I think there is another F concerns me, though this time perhaps fairly advantageously…
F in this instance is for Federalism – something I’ve long been in favour of.
We can now realise that it would help protect us from central government being too absolutist.
Federalism can be part of the balance of powers.
A recent article seems to suggest as much. It is from the ‘Morning Star’ – now, I think a cooperative, though I’m not sure. The article by Pauline Bryan who is a Labour peer! and also convener of the Red Pepper Collective.suggests:
In Wales in January 2021 there was the launch of We the People: The case for Radical Federalism. Supported by the Welsh First Minister, Mark Drakeford, it made the case for the shared governance of the UK.
It argued that radical constitutional reform is a necessity. It stated that the people of Scotland, Wales, Northern Ireland and England should be offered the opportunity to make a positive choice to envision, and contribute to the creation of a modern, collaborative, distributed and open democracy.
In Scotland the Red Pepper Collective has continued to make the case for progressive federalism. It argues that any constitutional arrangement must ensure the redistribution of wealth throughout the UK, be built on democratic control of the economy — as without that real power is not devolved — and be based on the principles of solidarity and subsidiarity. Solidarity with working people everywhere, but ensuring that power is held at the most local level where it can be delivered effectively.
I agree – I think the desire for Scottish independence is entirely understandable, but is in the end a black and white Brexit style decision – and the fallout for both nations will be at least as bad – if not worse than Brexit (under cover of Covid) is proving to be.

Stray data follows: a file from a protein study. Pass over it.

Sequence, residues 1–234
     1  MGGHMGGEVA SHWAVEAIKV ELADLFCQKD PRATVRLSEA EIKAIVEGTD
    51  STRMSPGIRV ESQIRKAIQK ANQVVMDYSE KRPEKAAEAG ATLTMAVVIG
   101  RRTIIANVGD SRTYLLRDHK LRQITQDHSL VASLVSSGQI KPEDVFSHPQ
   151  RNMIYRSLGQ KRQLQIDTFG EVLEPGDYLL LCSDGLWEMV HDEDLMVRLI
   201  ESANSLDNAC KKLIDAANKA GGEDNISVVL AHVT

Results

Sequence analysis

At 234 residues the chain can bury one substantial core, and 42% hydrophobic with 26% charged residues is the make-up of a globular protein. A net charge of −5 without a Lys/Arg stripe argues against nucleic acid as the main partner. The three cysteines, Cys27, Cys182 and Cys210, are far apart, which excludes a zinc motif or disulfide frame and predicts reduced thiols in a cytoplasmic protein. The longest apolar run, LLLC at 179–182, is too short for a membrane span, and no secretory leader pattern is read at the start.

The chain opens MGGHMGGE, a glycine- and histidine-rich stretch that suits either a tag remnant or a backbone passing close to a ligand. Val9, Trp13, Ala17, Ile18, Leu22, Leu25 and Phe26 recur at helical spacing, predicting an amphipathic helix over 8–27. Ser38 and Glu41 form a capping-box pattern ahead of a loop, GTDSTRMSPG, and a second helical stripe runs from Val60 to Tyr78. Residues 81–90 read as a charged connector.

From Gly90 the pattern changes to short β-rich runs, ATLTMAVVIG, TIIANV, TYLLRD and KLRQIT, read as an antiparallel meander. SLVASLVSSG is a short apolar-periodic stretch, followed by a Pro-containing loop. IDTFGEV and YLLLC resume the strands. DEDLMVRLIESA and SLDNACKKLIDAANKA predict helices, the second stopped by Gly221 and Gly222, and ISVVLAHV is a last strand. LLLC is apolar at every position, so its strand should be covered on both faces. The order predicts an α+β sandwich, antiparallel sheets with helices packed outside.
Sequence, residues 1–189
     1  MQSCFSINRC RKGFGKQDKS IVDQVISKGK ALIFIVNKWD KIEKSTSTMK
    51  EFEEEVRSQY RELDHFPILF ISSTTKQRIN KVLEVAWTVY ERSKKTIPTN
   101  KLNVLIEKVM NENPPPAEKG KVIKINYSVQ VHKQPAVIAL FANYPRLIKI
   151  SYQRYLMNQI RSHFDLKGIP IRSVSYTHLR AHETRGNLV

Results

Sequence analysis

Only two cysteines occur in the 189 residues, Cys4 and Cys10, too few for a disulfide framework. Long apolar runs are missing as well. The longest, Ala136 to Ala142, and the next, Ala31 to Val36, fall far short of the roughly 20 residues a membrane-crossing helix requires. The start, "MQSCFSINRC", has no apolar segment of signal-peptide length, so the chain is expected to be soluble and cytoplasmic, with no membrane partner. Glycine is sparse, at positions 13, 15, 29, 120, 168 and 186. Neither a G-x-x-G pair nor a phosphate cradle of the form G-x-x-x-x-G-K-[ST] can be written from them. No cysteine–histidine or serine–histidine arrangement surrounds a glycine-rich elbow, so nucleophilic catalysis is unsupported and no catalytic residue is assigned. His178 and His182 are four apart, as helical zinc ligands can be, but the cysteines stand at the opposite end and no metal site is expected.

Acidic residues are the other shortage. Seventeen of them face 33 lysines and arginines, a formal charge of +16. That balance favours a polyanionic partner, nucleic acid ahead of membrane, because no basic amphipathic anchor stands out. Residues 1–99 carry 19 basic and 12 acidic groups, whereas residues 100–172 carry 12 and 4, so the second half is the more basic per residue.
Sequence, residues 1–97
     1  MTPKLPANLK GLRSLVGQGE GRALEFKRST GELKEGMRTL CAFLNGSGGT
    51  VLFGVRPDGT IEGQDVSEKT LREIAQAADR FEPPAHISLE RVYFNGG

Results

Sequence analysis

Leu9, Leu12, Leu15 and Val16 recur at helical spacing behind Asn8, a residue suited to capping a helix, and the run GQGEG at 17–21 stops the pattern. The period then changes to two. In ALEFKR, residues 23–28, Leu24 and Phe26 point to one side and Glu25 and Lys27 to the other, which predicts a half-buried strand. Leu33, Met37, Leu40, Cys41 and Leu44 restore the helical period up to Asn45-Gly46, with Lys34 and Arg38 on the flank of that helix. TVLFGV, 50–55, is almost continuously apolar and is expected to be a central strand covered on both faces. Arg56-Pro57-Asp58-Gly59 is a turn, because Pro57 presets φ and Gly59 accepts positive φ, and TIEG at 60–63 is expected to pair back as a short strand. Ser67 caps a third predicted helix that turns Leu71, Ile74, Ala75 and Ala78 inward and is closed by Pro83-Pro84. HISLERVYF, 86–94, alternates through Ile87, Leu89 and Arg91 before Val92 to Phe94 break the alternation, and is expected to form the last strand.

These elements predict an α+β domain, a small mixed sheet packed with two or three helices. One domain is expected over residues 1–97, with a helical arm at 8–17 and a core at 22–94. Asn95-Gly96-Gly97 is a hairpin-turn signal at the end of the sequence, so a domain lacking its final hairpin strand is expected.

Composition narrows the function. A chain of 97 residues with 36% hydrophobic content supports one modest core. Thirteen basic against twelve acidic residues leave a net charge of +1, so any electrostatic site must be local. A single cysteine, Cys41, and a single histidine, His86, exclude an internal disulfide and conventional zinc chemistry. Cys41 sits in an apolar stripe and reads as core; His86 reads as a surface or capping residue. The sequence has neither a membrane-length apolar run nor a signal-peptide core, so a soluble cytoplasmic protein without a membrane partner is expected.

It is not just the nations that are calling for greater powers locally and a real say in central decisions. The past five years have given voices to regions through their elected mayors.
This approach may not appeal to independence parties, but it would appeal to their voters, who recognise that a future promise of a better life under independence is not a substitute for fighting for a better life here and now.
Even the UK Treasury hints at the workings…
All four nations need to understand ‘subsidiarity’ and particularly the way that the over-centralised and power crazed, moral vacuum of a government that is currently in Westminster operates.
If you don’t have a union of equals, you don’t have a union. You have simply coercion.
All this suggests a considerable central government distance from voters – many of whom have a liking for much more local control.
Britain is a small country and England particularly is crowded. But shouldn’t control always be as local as possible?
Yet we currently have the overwhelming majority of our lives controlled by Westminster.
Still, just as policy that greatly affects London should not be written in Blackpool or Wakefield by people who don’t live there, so too for Geordies, Yorkshiremen, the Scots or the Welsh it should certainly not be written in Westminster…
The United States, Canada, Australia and Germany do it. Why can’t we?